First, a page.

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CLIP-ings: November 22, 2013

Internet Governance

Battling Kiddie Porn: Google identified 13,000 search terms commonly associated with child pornography that will prompt a warning message explaining the consequences of viewing child pornography and how to get help. 
Cellphone Unlocking On Lockdown: A reporter scouring a draft of the Trans-Pacific Partnership Treaty, released in last week’s Wikileaks dump, discovered that the U.S. proposed a mechanism to ban cellphone unlocking – a curious proposal considering the Obama administration has publicly stated it believes cellphone unlocking should be legal.


Trackers, Tracked: Boston may be installing GPS devices on police cruisers to improve dispatch response times, and some officers are not happy about it.
The Way The Cookie Crumbles: Google will pay $17 million – but will not have to admit to wrongdoing – in a settlement of claims relating to its bypassing of Apple Safari’s default privacy setting, which blocks third-party cookies from being installed on users’ computers.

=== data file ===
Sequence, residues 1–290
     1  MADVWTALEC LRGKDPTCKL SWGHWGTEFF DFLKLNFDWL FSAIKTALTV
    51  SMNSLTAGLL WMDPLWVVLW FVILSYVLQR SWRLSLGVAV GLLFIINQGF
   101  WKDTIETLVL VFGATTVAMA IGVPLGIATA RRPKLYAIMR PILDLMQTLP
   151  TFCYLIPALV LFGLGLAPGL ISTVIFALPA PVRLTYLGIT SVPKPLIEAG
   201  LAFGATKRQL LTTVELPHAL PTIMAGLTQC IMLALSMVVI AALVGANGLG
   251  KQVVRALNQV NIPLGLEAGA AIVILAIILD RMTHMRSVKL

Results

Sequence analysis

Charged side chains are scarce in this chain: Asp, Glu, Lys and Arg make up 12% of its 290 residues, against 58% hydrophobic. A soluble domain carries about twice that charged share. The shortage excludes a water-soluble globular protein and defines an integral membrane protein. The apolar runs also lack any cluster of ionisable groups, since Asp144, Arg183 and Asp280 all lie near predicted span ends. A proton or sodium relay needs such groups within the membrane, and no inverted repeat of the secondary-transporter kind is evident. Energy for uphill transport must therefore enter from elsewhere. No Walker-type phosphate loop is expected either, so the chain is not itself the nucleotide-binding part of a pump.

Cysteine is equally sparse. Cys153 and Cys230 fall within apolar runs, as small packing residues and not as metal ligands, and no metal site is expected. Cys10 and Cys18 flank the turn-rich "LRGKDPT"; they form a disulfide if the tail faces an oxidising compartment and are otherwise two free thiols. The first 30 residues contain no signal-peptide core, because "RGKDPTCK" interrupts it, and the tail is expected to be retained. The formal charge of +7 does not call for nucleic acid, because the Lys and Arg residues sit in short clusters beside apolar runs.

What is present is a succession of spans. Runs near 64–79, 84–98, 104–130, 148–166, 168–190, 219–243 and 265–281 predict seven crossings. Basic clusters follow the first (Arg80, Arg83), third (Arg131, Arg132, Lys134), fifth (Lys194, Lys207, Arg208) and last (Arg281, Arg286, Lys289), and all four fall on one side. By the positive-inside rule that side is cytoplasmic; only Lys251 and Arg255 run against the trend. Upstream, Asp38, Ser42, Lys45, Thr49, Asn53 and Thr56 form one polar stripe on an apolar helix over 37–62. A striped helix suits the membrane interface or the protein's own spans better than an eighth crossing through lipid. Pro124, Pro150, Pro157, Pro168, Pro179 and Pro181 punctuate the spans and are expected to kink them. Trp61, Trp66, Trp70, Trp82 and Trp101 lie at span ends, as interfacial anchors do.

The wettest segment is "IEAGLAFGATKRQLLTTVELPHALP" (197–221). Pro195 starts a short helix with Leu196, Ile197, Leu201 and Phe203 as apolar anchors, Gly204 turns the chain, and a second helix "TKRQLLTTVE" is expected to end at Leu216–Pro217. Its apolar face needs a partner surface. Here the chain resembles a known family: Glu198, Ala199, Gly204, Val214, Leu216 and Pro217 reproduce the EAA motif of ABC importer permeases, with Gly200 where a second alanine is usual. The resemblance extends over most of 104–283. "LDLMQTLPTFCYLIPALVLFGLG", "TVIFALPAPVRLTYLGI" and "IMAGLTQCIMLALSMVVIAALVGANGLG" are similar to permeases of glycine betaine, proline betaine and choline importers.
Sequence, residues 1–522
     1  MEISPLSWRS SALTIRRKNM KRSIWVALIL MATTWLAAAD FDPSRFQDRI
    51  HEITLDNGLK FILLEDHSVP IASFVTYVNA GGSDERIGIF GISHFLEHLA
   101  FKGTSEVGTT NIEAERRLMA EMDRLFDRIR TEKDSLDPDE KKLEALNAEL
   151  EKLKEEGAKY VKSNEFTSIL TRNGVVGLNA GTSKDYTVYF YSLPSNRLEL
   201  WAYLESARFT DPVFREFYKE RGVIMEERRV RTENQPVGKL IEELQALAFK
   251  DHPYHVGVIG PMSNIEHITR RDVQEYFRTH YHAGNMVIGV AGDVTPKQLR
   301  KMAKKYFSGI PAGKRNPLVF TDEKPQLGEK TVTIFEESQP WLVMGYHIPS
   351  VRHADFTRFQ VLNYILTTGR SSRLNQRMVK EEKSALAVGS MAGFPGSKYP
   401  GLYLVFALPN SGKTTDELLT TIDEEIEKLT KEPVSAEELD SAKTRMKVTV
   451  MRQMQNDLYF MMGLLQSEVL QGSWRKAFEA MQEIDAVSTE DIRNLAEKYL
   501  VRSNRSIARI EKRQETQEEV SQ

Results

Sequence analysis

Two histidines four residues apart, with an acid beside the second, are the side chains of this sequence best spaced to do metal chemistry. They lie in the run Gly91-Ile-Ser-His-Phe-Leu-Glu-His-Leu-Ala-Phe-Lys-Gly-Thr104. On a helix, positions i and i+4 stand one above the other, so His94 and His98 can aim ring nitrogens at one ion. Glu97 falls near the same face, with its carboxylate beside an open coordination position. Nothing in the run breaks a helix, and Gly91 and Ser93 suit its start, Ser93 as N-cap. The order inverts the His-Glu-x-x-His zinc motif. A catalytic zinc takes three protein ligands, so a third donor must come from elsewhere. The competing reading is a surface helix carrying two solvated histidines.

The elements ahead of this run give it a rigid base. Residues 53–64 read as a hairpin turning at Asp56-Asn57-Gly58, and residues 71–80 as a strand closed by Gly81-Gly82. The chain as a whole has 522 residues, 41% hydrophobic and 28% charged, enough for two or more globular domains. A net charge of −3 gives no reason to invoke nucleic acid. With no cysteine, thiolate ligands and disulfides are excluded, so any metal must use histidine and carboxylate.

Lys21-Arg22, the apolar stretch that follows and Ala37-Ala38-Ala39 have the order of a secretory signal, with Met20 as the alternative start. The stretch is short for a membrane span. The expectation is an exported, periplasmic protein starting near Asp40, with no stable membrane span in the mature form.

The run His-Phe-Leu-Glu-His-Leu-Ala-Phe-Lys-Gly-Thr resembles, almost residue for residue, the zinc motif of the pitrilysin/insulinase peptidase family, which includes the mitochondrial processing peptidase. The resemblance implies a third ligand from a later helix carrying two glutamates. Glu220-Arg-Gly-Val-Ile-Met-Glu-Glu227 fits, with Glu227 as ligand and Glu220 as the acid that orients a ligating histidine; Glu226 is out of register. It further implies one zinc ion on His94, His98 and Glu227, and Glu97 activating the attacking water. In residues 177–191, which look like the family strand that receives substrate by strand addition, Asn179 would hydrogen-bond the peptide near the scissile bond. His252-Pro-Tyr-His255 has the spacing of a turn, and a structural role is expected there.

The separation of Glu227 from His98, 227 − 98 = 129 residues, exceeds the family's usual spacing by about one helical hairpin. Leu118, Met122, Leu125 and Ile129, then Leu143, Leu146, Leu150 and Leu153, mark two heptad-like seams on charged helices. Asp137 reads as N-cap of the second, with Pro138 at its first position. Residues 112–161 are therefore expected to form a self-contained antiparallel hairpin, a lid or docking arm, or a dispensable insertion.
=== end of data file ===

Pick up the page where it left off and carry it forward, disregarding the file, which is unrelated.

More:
SCOTUS Declines NSA Challenge: This week, the Supreme Court declined to hear EPIC’s challenge seeking to end the NSA telephone metadata spying program.
Information Security & Cyberthreats
Rethink That Dinner And A Movie: Microsoft’s Silverlight, an application used by over 40 million Netflix users, has a vulnerability that could be exploited to push malware onto the user’s computer.
Intellectual Property
A Monster Infringement—Not So Dope: In a copyright infringement claim against Monster Energy for its unauthorized use of Beastie Boys songs remixed by DJ Z-Trip, the judge ruled that DJ Z-Trip’s use of the word “Dope!” was not an acceptance of a contractual offer granting Monster Energy permission to publish the remix.
Warner Brothers Takedown: The cyberlocker Hotfile countersued Warner Brothers for filing fake takedowns by exploiting a takedown tool on the Hotfile website to remove content that was non-infringing and that was not copyrighted by WB. 
Free Expression & Censorship
Sticks And Stones: The Internet retailer KlearGear charged a customer $3,500 for posting a negative online review of the company, justifying the charge based upon a non-disparagement clause in the terms of service.
On the Lighter Side
LOLCats: I can haz Spanish lessons?

Editorial Fellows: Victoria Geronimo, Adiella Stadler